Tonight (Friday) I'd be at Vnuk's to see the skapunk of the Invaders.
But tommorow (Saturday), I'd also be at Vnuk's, for the annual Spoof Fest. I'm particularly disappointed that I'm probably unwell enough to do this for several reasons.
Binky Tunny as Sebastian Bach and Skid Row. Period.
I've never gone to Spoof Fest, because for whatever reason, I had other commitments, etc. I've never missed a Trash Fest, but I just never made it around to Spoof Fest. There's a difference, subtle to be sure, but a difference. For one thing, lots of Trash Fest bands aren't kidding. This is the way they are all the time. Now and again, there's parody at Trash Fest, but it's sloppy parody, a sort of meta-parody, that actually apporoaches satire. Trash Fest parodies lean toward bands the perpetrators loathe, and their purpose at Trash Fest is to drive them into the dump where they belong. Every now and then, though, a parody comes through at Trash Fest that I can't tell whether it's parody, satire, or loving tribute. The Aimless Blades doing Neil Young's "Hurricaine" for their full alotted 20 minutes several years back comes to mind, as did lead singer Blaine Schultz's candid admission when I called him on it: "Probably a little of all three." Didn't even blink when I asked him, he 'fessed right up.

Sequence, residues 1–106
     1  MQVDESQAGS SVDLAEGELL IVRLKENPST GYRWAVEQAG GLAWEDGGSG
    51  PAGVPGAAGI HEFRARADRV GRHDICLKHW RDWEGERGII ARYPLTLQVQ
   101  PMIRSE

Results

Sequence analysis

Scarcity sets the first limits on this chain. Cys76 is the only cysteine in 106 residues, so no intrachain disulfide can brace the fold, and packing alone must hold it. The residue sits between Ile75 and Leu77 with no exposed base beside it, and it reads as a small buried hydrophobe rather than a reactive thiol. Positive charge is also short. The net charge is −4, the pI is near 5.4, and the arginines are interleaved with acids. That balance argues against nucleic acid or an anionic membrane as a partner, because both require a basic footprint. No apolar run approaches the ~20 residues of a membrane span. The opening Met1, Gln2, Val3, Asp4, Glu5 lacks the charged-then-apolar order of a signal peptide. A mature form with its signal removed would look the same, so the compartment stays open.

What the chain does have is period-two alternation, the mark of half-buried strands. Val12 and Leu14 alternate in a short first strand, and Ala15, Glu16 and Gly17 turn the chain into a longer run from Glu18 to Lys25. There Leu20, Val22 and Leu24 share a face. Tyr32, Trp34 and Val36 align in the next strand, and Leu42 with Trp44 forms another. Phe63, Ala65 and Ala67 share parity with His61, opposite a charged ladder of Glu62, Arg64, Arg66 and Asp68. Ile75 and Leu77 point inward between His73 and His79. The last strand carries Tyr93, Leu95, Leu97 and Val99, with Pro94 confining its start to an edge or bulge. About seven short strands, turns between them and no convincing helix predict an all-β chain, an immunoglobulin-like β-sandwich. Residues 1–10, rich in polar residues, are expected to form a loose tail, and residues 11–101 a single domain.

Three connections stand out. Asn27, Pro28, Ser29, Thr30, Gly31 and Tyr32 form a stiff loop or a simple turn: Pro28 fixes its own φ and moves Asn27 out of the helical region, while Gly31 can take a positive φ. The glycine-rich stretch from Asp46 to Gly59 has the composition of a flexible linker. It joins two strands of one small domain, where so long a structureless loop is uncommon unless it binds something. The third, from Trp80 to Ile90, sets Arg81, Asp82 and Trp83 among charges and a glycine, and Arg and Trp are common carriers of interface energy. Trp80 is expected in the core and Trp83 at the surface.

But from what I can tell of Spoof Fest, that's exactly what you get. A little parody, a little satire, and a LOT of genuine, albeit jokey, tribute. I've googled around, and I see that a lot of the acts that dressed up (to the nines, in many cases) as the objects of their spoof no-so-secretely are living vicariously through the spoof. As such, expect the accuracy that good parody demands. Expect the knowing self-consciousness that goes with satire. And expect the fun that a loving tribute delivers. Also on the bill: bands spoofing Cinderella and L7.
Metal bands, especially hair bands, seem to be a common target at Spoof Fest. That makes a lot of sense. Hair bands are ripe for parody, almost too ripe, they are the low-hanging fruit in the Orchard of Parody. At the same time, there's a lot of people who secretly loooooove hair metal. Spoofing it is a great way to indulge this guilty pleasure, while at the same time smirking all the way through: "Hey, I'm not really into this. I'm just spoofing it. See me smiling? I'm onto this shit." Oh yeah? Well, I'm onto you. 'Fess up. You love this shit. We in the audience do, too.